The yellow fever mosquito (Aedes aegypti), it was just discovered, besides the chikungunya virus, also spreads dengue fever and zika virus infections. According to the Health Secretary, Dr. Sergio Cortes and other experts, all three diseases present with quite similar symptoms: body aches, a high fever, pain behind the eyes, sore muscles, and many red spots on the skin.
Having two new viruses that are spread by the same mosquito, brings about the importance of finding ways to perceive differences in the diseases. Dengue fever is distinguishable by pain behind the eyes and general muscle pain. By contrast, the zika virus produces itching in the eye sockets and very red eyes. The chikungunya virus produces intense pain in all the joints. Studies are being conducted to determine whether a patient can contract more than one of these diseases at a time.
Dr. Cortes points out that there is no remedy, no antiviral drug, or any vaccination to prevent these diseases. Yet, he says there is ongoing research to find an effective treatment. At the moment, the only treatment is re-hydration of the victims. When necessary, hydration treatment can be done intravenously. Along with hydration, patients must take complete rest for no less than 5 days, to restore vigor. An experimental vaccine was developed and is awaiting approval of the National Health Surveillance Agency (Anvisa). The first doses will be administered to some 17,000 volunteers. Dr. Cortes says the vaccine looks to be 80% effective at fighting 4 types of dengue fever. However, it has yet to be approved. In the meantime the best prevention is the eradication and blocking of mosquito from breeding, stress the experts.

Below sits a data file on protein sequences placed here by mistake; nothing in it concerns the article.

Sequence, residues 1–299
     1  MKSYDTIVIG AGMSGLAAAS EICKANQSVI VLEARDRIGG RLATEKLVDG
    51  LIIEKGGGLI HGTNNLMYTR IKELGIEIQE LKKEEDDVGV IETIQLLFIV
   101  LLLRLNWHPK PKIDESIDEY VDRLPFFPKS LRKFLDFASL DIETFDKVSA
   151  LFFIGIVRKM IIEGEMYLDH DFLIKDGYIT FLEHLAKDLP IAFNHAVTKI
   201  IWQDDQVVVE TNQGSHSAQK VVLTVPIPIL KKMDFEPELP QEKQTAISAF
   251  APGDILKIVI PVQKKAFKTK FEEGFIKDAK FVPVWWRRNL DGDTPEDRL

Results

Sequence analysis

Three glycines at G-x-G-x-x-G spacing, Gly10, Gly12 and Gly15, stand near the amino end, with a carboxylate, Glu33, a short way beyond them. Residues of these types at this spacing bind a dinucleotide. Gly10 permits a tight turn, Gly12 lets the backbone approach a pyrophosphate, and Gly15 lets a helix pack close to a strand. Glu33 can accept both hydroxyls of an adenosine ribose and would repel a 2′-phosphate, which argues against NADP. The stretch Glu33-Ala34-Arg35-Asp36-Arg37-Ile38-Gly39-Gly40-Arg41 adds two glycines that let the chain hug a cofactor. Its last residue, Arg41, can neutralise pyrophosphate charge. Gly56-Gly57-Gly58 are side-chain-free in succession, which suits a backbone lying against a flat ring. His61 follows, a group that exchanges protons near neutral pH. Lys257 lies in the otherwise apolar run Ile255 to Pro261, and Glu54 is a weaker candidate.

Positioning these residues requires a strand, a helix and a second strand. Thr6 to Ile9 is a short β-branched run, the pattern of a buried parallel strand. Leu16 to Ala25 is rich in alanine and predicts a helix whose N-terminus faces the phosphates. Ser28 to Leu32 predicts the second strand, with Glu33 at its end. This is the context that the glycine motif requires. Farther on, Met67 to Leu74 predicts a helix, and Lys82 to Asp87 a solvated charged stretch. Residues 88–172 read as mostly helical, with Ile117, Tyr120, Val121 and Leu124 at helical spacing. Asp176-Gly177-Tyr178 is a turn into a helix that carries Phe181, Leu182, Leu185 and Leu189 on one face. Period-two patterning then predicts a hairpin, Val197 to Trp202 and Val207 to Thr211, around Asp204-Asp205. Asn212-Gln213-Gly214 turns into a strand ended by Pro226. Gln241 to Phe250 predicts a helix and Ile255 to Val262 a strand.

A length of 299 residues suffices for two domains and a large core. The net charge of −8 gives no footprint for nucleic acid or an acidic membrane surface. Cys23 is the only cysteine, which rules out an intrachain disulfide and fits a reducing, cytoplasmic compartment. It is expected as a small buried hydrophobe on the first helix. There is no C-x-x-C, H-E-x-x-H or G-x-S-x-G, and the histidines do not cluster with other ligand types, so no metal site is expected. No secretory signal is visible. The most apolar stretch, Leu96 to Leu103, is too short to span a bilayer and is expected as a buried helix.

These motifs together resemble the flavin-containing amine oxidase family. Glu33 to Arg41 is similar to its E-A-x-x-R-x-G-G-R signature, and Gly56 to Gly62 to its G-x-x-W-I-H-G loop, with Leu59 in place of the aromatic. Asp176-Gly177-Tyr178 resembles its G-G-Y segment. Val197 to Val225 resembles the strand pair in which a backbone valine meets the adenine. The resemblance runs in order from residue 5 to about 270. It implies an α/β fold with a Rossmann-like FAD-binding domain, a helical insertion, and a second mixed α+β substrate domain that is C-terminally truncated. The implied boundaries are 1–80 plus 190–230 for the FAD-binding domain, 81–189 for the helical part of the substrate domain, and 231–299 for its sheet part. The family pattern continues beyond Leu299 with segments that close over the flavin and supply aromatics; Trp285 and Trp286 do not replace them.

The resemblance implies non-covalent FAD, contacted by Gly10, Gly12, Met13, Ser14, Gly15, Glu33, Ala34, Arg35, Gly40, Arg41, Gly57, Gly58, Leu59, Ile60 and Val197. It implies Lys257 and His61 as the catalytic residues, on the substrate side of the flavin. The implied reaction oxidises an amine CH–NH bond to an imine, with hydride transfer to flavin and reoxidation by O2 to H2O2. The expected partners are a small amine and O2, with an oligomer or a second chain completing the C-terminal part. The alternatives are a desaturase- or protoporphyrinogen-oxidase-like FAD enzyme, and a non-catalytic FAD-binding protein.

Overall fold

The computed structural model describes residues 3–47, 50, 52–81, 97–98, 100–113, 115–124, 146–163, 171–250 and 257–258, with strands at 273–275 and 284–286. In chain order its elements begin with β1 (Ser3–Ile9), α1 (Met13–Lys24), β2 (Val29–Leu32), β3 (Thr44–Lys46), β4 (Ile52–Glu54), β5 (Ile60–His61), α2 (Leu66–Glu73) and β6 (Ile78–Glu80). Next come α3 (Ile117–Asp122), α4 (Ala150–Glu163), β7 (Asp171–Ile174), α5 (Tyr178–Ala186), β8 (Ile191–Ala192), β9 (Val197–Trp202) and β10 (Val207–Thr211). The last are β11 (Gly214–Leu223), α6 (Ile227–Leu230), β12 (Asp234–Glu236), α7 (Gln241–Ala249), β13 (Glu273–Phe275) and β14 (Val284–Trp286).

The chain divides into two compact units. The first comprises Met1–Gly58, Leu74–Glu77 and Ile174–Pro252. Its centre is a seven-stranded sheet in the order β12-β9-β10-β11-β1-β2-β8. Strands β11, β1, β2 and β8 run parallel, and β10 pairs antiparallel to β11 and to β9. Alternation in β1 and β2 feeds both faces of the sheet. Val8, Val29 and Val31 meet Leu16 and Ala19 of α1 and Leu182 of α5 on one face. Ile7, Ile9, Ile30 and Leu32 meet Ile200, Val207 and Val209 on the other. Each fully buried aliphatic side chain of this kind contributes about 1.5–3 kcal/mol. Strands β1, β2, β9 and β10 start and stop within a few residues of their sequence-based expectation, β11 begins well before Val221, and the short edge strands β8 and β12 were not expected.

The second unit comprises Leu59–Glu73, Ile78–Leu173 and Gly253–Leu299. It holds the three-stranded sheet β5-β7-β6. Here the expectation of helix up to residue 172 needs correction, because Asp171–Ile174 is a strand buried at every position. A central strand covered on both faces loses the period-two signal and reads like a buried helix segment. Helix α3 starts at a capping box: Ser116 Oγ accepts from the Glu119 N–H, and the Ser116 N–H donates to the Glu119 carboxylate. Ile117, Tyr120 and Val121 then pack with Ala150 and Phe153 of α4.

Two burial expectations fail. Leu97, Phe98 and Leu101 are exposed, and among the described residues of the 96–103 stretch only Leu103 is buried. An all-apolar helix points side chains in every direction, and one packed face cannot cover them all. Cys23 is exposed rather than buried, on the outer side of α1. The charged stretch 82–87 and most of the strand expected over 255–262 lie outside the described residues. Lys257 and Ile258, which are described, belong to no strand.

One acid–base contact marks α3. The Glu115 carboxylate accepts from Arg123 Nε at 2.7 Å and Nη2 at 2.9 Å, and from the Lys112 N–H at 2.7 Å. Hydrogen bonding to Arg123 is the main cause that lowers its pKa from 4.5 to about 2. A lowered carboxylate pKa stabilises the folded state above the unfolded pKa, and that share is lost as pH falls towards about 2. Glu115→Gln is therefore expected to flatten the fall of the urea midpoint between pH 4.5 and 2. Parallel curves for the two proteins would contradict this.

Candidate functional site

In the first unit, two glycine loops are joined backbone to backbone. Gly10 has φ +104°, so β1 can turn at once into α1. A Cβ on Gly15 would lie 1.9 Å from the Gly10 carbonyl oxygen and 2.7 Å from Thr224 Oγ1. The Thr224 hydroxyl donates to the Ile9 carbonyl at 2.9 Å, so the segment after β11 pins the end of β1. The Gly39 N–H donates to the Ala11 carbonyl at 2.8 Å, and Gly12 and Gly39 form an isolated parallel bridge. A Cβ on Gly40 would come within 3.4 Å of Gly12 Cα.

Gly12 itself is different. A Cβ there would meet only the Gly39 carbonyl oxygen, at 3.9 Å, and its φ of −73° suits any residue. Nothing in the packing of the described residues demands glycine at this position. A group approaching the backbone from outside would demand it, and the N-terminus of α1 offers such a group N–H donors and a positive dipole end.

As a medical doctor, Health Secretary Cortes is a specialist in preventing and treating chronic back pain. He uses a holistic approach to help his patients overcome and prevent chronic back pain through special movement exercises that produce good posture, which is the enemy of chronic back pain. Dr. Cortes has instructed the State Department of Health to put Epidemiological Surveillance teams out into the field to work to stop the spread of disease, such as leptospirosis, dengue fever, hepatitis A, and diarrhea.